Table 7. Examples of projects supported by international climate-related development finance (Committed in 2011-2015) Project type
Early warning system
Developing Climate Resilient Flood and Flash Flood Management Practices to Protect Vulnerable Communities of Georgia Anti-flood early warning and prevention systems in Georgia: Special focus on the Kabali and Duruji rivers Strengthening the prevention and preparedness systems
Risk mapping and training
Financial instrument and amount Grant (AF: USD 4.9 mln, UNDP: USD 0.16 mln)
Co-financing by domestic actor N.A.*
Grant (USD 0.2 mln)
National Environmental Agency, NGO “Civitas Georgica”
Switzerland (through EDA)
Grant (USD 0.67 mln)
Ministry of Environment and Natural Resource Protection, Ministry of Internal Affairs, municipalities on local level
Adaptation Fund, UNDP
Key domestic institution
Ministry of Infrastructure and Regional, Development, Emergency Management Department, Pilot municipalities
* N.A.: Information on co-financing from domestic sources is not found.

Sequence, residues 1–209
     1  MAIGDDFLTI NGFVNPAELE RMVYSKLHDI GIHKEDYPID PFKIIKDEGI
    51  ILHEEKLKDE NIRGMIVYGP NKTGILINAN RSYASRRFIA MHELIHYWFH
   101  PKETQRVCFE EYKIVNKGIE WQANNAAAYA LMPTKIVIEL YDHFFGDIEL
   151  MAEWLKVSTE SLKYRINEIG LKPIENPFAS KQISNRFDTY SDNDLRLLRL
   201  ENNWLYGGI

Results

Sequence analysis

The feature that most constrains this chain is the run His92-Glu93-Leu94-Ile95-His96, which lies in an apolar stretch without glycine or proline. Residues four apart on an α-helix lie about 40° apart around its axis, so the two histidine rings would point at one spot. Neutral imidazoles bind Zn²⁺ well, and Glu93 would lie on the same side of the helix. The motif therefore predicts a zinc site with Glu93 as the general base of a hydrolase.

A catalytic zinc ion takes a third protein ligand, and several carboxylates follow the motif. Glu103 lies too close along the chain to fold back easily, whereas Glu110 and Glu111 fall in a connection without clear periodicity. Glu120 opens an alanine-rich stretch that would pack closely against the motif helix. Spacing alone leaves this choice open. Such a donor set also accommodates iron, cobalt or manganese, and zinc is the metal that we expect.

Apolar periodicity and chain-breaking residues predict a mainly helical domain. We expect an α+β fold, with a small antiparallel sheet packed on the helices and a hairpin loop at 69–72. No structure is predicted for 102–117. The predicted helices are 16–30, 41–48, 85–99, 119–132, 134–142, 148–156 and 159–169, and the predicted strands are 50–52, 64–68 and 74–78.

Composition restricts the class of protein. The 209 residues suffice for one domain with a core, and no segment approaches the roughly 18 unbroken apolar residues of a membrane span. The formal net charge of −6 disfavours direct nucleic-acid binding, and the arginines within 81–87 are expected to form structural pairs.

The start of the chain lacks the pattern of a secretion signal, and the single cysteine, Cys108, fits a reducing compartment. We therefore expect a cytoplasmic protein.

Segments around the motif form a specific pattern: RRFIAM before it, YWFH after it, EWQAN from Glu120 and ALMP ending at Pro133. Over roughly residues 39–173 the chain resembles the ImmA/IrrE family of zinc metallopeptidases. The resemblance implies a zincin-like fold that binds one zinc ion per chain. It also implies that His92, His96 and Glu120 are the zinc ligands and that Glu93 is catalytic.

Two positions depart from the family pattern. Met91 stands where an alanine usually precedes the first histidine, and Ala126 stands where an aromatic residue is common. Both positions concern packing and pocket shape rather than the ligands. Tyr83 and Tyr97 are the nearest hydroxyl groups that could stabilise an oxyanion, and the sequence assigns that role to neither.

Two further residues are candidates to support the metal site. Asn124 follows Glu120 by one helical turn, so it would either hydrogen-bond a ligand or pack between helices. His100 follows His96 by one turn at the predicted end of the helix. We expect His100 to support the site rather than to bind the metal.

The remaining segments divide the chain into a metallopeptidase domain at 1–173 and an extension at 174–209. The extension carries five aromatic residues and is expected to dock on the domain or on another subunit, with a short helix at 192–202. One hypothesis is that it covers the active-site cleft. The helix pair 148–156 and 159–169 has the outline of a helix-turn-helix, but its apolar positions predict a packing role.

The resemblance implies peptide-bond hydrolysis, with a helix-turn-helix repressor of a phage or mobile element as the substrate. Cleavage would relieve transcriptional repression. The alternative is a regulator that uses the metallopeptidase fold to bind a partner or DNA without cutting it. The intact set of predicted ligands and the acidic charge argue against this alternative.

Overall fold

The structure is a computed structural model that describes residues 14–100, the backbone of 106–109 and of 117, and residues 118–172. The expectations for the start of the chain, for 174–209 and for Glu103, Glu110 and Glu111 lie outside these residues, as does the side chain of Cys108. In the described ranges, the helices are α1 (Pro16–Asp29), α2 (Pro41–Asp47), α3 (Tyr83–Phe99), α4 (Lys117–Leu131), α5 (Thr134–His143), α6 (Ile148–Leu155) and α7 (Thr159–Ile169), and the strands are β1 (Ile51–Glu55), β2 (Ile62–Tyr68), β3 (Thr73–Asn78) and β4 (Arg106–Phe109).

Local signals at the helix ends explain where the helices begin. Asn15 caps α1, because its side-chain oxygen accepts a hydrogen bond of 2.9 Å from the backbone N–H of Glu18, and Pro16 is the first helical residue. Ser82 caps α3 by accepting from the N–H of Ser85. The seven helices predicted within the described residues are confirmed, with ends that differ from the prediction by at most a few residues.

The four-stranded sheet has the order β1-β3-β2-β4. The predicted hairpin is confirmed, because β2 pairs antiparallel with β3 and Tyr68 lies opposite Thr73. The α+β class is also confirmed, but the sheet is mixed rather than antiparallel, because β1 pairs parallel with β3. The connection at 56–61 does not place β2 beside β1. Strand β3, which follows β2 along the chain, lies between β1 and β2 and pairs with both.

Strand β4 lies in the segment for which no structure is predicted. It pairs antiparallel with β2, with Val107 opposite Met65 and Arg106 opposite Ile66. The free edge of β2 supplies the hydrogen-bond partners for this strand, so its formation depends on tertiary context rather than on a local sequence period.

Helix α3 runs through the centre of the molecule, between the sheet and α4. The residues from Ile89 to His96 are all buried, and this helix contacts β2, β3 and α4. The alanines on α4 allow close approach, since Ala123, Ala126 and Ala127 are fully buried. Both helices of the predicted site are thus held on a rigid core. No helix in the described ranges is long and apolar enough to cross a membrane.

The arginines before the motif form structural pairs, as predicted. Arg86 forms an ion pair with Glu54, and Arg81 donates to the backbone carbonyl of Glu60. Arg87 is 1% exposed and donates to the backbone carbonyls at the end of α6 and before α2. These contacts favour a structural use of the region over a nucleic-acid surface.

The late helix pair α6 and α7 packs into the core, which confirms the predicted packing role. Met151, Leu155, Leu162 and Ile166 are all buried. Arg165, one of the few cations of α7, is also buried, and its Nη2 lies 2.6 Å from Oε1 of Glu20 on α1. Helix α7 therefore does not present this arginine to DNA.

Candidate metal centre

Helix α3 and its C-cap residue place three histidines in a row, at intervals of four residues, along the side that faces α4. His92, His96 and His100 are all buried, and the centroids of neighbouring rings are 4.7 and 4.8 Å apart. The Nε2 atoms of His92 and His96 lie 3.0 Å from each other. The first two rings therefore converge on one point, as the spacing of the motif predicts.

Agriculture The Third National Communication of Georgia to the UNFCCC examines the vulnerability of the agriculture sector to climate change and states that the sector is a priority in the country’s adaptation efforts. In addition, studies on climate change predictions for Georgia estimate a possible increase by 3.5°C in mean annual temperature by the end of this century, accompanied with a decrease in precipitation by about 6% in the western regions (IFAD and GEF, 2012). This can have a significant implication for water use of the agriculture sector where estimated water efficiency of an operational irrigation system is less than 40% (ibid.). Multiple projects have been implemented in this sector with support of the EU under the “European Neighbourhood Programme for Agriculture and Rural Development (ENPARD)” that builds on the EU’s best practices in developing agricultural and rural areas. The ENPARD’s overarching objectives include improving employment and living conditions in rural areas through the diversification of the rural economy. In the context of climate change adaptation, the programme aims to support the adoption of more competitive and climate resilient agricultural practices, promotion of viable off-farm economic activities for income source diversification, and sustainable management and protection of environmental resources in rural areas (Ortega, 2014). The pilot projects are conducted in, for instance, the municipalities of Lagodekhi, Kazbegi and Borjomi. As mentioned above, water resource management relating to irrigation systems can also be greatly affected by climate change. The IFAD and the GEF support “Enhancing Resilience of Agricultural Sector in Georgia” project that aims to improve water availability, farmland productivity and smallholders’ income through investments in climate-resilient farming systems (IFAD and GEF, 2012). The “Irrigation